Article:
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Lunch warm, hot plate ahead

New Delhi, June 21: The “warm and productive” meeting between foreign minister Natwar Singh and his Pakistani counterpart Khursheed Mehmood Kasuri in China today may have raised hopes of an early end to India-Pakistan hostilities, but diplomats said the real test will come up this weekend.

On June 27, foreign secretary Shashank will begin two days of talks with his Pakistani counterpart Riaz Khokhar in Delhi to discuss peace and security and Kashmir as part of the “composite dialogue” between the neighbours.

Singh and Kasuri have spoken to each other several times in the past few weeks, but this afternoon’s working lunch in the eastern Chinese coastal city of Qingdao was their first face-to-face interaction.

The meeting, on the sidelines of the Asian Cooperation Dialogue, was also the first direct political-level contact between India and Pakistan since the Congress-led United Progress Alliance government came to power in Delhi last month.

The 100-minute luncheon — at which officials from both sides were present — was followed by a 25-minute one-to-one, sources said.

Keeping up the pace of bilateral interactions, a team of experts from Pakistan arrived here today for discussions on the Baglihar dam project.

Pakistan feels India, by constructing the dam, was violating the Indus Water Treaty between the two sides and had threatened to get the World Bank involved. To avoid third-party involvement, India has invited Pakistan for talks at the level of the water resources secretary to settle the dispute.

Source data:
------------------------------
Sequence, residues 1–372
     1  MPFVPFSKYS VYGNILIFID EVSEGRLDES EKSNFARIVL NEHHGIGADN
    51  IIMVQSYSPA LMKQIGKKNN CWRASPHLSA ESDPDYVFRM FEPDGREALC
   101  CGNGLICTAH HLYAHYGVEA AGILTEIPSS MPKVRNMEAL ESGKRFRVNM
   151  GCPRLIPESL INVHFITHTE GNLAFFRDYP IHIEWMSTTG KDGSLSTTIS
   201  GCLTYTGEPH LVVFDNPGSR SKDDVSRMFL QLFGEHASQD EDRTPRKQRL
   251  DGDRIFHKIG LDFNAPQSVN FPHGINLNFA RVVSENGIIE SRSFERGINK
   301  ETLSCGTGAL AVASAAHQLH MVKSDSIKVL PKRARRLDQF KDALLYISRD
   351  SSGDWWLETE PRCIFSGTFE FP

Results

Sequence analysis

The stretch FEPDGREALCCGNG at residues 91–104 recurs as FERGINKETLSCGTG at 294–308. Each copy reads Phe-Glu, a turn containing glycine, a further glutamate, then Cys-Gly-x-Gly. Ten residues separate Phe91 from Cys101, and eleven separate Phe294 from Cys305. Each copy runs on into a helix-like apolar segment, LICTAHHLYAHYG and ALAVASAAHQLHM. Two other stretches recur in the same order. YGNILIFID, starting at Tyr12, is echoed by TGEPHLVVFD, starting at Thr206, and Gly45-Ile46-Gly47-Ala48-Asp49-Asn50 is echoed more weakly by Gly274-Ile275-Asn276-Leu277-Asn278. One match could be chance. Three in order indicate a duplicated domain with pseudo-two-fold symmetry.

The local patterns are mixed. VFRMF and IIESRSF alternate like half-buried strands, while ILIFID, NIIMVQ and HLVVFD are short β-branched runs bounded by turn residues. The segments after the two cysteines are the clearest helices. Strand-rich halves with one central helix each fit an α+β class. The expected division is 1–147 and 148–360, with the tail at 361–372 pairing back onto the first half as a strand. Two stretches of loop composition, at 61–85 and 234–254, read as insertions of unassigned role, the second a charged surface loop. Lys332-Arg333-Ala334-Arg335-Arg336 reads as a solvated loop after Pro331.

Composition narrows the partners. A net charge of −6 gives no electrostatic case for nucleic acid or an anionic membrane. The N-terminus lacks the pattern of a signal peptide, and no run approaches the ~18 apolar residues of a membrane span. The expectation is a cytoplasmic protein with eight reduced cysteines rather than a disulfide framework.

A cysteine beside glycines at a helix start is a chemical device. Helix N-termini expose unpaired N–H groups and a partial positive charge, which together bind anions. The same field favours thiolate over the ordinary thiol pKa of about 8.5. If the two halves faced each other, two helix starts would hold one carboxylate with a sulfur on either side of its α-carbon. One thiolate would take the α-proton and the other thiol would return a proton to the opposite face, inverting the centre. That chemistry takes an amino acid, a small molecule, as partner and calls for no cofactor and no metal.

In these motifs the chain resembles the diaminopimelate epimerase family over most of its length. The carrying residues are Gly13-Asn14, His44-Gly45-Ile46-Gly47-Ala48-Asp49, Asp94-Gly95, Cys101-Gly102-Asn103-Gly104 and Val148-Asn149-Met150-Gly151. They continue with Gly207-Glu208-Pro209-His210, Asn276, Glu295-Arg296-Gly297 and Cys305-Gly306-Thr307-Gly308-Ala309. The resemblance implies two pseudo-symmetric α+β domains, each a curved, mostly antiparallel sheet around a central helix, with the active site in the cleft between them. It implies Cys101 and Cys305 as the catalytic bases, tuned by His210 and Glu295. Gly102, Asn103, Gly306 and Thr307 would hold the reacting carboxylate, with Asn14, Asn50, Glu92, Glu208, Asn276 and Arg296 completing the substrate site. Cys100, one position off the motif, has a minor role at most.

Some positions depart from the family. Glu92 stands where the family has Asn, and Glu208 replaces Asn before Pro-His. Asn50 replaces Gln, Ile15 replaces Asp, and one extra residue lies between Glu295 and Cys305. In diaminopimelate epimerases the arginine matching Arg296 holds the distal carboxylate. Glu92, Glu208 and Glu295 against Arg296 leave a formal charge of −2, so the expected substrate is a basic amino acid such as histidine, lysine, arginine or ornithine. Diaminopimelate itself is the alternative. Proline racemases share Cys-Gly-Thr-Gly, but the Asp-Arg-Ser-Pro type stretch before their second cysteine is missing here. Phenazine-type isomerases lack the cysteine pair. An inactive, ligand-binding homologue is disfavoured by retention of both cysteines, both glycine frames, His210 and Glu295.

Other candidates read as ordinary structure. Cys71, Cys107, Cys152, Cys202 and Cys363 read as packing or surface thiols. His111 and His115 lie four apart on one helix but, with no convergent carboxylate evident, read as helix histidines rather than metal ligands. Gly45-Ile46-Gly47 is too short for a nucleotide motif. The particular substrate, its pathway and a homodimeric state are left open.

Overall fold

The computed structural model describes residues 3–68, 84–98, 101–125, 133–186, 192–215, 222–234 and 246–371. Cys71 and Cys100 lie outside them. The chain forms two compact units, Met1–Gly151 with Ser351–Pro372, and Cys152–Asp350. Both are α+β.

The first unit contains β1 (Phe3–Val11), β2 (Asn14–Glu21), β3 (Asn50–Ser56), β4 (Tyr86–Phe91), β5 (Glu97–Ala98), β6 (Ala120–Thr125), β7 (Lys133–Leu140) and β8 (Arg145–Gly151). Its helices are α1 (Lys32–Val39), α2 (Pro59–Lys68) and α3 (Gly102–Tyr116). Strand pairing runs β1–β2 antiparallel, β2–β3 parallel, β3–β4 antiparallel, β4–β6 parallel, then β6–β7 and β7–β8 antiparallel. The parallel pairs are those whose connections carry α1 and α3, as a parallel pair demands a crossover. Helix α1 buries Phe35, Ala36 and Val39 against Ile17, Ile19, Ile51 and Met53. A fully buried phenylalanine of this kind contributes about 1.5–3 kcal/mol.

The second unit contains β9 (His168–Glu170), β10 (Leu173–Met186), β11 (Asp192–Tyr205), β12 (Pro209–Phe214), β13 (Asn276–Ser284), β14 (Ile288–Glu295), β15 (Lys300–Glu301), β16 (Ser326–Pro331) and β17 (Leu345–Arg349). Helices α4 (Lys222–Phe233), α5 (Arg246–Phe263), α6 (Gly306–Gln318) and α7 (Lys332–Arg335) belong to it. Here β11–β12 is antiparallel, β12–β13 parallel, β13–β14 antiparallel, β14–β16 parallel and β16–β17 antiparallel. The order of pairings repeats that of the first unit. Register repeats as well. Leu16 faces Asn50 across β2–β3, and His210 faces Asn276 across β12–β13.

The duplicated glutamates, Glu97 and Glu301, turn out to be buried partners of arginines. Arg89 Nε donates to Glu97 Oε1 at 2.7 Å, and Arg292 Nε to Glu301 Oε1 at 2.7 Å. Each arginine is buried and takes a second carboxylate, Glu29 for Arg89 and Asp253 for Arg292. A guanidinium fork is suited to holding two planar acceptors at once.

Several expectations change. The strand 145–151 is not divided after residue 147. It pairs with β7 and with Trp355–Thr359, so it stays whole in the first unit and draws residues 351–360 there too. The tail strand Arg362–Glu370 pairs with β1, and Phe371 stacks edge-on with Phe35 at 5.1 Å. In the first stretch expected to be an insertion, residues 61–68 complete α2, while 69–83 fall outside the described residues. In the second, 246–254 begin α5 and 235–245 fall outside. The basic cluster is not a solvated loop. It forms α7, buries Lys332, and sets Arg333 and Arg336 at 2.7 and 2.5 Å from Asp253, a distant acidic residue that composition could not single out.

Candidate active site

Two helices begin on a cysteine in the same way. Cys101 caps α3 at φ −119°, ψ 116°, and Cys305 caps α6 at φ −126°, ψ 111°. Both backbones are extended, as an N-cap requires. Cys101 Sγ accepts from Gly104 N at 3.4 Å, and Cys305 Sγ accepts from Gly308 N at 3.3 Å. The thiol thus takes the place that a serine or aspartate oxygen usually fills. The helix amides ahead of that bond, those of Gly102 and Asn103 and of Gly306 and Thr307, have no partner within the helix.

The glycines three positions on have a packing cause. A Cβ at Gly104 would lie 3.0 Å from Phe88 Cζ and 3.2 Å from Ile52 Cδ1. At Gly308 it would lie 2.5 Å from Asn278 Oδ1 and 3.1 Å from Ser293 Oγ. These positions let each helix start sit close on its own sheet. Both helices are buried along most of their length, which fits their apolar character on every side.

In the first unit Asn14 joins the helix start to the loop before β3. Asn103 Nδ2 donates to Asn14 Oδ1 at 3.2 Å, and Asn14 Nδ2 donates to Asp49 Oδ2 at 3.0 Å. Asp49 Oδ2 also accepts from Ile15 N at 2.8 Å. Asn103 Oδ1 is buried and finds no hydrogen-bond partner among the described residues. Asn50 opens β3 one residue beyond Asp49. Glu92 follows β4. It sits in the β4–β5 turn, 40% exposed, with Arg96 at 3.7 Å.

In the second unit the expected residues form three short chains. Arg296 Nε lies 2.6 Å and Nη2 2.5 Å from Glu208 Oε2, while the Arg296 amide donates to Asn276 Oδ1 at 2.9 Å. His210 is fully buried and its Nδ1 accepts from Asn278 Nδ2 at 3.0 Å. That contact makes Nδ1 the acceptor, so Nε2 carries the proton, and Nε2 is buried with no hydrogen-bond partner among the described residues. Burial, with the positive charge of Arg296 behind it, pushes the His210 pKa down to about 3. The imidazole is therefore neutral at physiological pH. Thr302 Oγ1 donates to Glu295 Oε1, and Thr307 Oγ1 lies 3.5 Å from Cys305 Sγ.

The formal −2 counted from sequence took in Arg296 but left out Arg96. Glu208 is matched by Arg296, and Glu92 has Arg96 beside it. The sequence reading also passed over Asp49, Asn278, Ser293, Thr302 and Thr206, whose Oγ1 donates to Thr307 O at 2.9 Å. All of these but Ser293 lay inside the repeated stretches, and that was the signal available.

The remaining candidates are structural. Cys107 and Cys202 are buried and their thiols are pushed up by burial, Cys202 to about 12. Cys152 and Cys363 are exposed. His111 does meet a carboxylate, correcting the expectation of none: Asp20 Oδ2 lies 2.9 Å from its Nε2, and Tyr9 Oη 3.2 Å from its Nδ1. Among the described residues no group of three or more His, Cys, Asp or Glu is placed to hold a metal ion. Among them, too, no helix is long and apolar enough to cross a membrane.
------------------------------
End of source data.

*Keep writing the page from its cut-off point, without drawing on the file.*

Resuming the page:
At the Singh-Kasuri meeting, which came in the wake of the successful interaction between Indian and Pakistani experts on nuclear confidence-building measures that ended in Delhi yesterday, both resolved to improve bilateral ties and settle all outstanding differences through negotiations.

Describing the meeting as “warm and productive”, foreign ministry spokesman Navtej Sarna said the working lunch, hosted by the Indian foreign minister, allowed the two to review the progress in all aspects of bilateral relations, including Jammu and Kashmir.

Both chemistry and gastronomy were in evidence.

Singh told reporters “the chemistry was pretty good”, while Kasuri said he enjoyed Chinese food. It is “healthy and tasty”, he added.

“We discussed all the issues that are necessary for us to discuss. We had a very positive frame of mind towards all issues,” the Pakistani leader told reporters after the luncheon.

He also told Pakistan TV that Congress chief Sonia Gandhi will soon visit Pakistan in response to President Pervez Musharraf’s invitation soon after the Congress-led coalition took power. “He (Singh) told me that Mrs Gandhi has accepted President Musharraf’s invitation to visit Pakistan,” Kasuri said.

Kasuri told PTI in China that he felt encouraged by the remarks made by the new government in Delhi.

He said his Indian counterpart had assured him that the central coalition was committed to take the peace process with Pakistan forward “at a faster rate”.

However, officials felt the real proof of progress will come when the foreign secretaries meet.

Pakistani officials said there were expectations in Islamabad of some forward movement on the Kashmir issue at the June 27-28 talks.

“We know an overnight solution cannot be expected but we want to see some steps that will assure people in Pakistan as well as in Kashmir that serious attempts were being made towards the resolution of the decade-old dispute,” a senior official said.

Singh also held talks with his Chinese counterpart Li Zhaoxing. Beijing has vowed to do its “utmost” to further Sino-India relations in every aspect.

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